Wednesday, February 17, 2010


when it's over, i want to say: all my life
i was a bride married to amazement.
i was the bridegroom, taking the world into my arms.

when it's over, i don't want to wonder
if i have made of my life something particular, and real.
i don't want to find myself sighing and frightened,
or full of argument.

mary oliver

more on the subject: i just found this paper by a philosopher and a social scientist, called "why do humans reason? arguments for an argumentative theory".

abstract: "Reasoning is generally seen as a mean to improve knowledge and make better decisions. Much evidence, however, shows that reasoning often leads to epistemic distortions and poor decisions. This suggests rethinking the function of reasoning. Our hypothesis is that the function of reasoning is argumentative. It is to devise and evaluate arguments intended to persuade. Reasoning so conceived is adaptive given human exceptional dependence on communication and vulnerability to misinformation. ...Poor performance in standard reasoning tasks is explained by the lack of argumentative context. When the same problems are placed in a proper argumentative setting, people turn out to be skilled arguers. Skilled arguers, however, are not after the truth but after arguments supporting their views. This explains the notorious confirmation bias. This bias is apparent not only when people are actually arguing but also when they are reasoning proactively with the perspective of having to defend their opinions. Reasoning so motivated can distort evaluations and attitudes and allow the persistence of erroneous beliefs. Proactively used reasoning also favors decisions that are easy to justify but not necessarily better. In all of these instances traditionally described as failures or flaws, reasoning does exactly what can be expected of an argumentative device: look for arguments that support a given conclusion, and favor conclusions in support of which arguments can be found. "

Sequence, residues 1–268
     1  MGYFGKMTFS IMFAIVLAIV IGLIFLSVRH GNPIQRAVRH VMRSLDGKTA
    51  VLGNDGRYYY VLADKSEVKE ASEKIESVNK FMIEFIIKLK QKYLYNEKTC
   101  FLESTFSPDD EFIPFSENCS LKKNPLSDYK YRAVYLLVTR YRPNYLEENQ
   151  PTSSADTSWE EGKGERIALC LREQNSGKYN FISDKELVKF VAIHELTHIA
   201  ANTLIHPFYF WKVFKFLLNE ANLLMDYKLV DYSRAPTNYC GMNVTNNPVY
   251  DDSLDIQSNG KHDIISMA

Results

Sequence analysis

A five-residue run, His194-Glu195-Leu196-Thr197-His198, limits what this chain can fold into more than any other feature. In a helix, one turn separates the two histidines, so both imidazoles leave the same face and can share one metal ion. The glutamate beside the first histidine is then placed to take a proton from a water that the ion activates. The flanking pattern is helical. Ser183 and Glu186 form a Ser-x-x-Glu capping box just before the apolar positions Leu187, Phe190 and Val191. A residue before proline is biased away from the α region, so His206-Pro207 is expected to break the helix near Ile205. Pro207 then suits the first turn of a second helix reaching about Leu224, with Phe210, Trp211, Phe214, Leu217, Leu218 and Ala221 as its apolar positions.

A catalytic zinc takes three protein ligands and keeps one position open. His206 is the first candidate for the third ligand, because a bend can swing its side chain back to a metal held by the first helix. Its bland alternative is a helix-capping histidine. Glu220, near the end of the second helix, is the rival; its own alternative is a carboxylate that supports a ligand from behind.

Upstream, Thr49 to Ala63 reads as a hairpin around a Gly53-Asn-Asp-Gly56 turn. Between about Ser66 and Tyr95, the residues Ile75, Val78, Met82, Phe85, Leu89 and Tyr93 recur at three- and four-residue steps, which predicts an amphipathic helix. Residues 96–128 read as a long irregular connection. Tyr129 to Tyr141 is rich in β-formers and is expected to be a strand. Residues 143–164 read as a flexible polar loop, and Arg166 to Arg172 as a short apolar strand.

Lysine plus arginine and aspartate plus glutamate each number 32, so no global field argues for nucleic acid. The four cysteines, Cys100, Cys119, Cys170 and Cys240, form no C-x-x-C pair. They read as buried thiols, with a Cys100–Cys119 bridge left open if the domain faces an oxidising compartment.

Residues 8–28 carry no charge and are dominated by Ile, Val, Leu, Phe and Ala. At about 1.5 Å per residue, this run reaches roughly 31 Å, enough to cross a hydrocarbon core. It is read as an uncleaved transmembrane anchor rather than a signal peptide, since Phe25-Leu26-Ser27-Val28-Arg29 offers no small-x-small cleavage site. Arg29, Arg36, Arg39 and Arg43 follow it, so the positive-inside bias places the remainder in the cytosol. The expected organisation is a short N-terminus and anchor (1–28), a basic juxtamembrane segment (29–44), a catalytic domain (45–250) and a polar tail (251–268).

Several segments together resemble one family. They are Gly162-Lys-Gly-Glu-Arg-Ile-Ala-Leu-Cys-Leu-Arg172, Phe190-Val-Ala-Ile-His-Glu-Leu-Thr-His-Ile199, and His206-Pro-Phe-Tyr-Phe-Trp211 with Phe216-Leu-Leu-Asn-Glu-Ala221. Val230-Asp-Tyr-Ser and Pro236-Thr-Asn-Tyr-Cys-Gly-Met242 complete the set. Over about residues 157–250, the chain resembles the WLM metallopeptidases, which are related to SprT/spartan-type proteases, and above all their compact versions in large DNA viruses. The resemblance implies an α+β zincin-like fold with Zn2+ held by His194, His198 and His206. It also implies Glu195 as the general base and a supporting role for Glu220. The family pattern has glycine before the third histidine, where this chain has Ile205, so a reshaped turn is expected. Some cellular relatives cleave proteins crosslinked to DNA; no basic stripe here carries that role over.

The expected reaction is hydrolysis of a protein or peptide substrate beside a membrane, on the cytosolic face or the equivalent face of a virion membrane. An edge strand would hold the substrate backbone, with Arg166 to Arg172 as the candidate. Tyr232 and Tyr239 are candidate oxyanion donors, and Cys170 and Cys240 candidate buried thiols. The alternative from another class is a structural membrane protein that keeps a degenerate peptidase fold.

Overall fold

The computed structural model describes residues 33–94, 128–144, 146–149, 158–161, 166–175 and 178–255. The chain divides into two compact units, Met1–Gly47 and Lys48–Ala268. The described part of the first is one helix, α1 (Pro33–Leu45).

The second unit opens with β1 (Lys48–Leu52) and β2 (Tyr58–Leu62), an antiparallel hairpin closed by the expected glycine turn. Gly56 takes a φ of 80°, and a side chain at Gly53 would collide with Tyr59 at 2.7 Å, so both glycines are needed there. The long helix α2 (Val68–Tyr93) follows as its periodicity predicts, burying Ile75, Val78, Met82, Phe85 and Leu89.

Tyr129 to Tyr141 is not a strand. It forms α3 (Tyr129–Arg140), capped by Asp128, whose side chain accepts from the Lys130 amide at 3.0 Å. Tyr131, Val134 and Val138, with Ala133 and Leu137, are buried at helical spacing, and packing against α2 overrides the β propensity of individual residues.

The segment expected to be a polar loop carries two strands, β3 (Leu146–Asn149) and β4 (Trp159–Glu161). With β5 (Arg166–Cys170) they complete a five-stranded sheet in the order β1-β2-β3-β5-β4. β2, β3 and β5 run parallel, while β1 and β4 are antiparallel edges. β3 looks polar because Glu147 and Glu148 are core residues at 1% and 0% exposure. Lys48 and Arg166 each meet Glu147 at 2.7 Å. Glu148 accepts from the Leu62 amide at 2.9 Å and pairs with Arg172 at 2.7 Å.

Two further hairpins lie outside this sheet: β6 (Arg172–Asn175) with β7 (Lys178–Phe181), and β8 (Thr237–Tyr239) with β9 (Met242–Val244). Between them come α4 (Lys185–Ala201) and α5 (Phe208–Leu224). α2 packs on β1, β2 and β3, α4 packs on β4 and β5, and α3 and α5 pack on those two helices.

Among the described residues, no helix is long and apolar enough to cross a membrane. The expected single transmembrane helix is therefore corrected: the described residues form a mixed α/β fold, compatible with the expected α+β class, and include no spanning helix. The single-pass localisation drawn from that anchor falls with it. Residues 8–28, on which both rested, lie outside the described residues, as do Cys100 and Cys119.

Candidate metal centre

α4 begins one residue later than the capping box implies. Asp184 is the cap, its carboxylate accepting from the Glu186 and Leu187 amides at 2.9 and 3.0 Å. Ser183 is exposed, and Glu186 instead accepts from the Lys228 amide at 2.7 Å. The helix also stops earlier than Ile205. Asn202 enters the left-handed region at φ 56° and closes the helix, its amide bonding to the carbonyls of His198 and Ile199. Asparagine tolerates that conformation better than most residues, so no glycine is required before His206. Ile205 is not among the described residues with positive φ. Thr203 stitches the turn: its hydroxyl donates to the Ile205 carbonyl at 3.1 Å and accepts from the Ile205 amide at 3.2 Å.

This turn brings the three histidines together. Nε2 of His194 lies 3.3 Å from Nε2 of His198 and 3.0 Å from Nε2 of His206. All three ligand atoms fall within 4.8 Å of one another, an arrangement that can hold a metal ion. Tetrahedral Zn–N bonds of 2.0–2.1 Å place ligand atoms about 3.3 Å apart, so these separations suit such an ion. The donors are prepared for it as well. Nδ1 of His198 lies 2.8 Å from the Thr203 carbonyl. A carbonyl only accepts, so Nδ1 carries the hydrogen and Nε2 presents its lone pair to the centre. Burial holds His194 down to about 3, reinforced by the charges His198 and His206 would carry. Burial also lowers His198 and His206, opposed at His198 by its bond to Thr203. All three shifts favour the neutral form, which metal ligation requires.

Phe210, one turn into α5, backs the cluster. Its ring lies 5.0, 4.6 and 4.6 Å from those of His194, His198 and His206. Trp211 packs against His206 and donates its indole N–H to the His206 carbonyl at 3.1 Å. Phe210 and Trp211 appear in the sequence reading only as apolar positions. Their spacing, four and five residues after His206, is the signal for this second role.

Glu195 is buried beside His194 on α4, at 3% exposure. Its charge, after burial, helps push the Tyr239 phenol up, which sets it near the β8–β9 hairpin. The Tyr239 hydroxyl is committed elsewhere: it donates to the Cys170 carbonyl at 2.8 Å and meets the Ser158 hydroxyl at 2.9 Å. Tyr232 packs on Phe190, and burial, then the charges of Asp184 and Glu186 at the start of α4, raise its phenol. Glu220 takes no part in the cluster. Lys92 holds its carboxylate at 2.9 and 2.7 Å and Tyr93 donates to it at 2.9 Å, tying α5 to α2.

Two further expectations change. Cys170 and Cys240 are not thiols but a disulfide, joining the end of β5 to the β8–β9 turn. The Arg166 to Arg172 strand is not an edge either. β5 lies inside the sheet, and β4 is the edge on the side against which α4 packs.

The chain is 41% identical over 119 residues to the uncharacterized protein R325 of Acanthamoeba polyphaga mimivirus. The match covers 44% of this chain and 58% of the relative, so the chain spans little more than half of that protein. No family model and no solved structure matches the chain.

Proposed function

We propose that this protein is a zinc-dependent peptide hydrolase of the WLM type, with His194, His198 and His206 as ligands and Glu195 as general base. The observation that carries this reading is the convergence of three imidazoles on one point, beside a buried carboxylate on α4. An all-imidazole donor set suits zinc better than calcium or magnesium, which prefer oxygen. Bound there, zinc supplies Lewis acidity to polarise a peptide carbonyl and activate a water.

there are these rare thinkers, though-- really, having read a significant amount of philosophy, i find them to be so utterly rare-- who seem to go where the argument leads them-- who don't begin with a commitment to an outcome, but discover, with wonder, along with the rest of us, where the train of thought leads. they're willing to be proved wrong. can't we argue from a place of wonder? isn't that what wondering is? or is wondering also problematic? does it only lead to arguments, or can it also lead to understanding?

so understanding stands apart. it's clearly a way of knowing, but not a way arrived at by arguments, whose function is to convince, and to assess for convincingness. so what is it, if anything, that moves when we come to understand? what is it we do, cognitively? is it a movement? (we must be moved.) is it utterly still?

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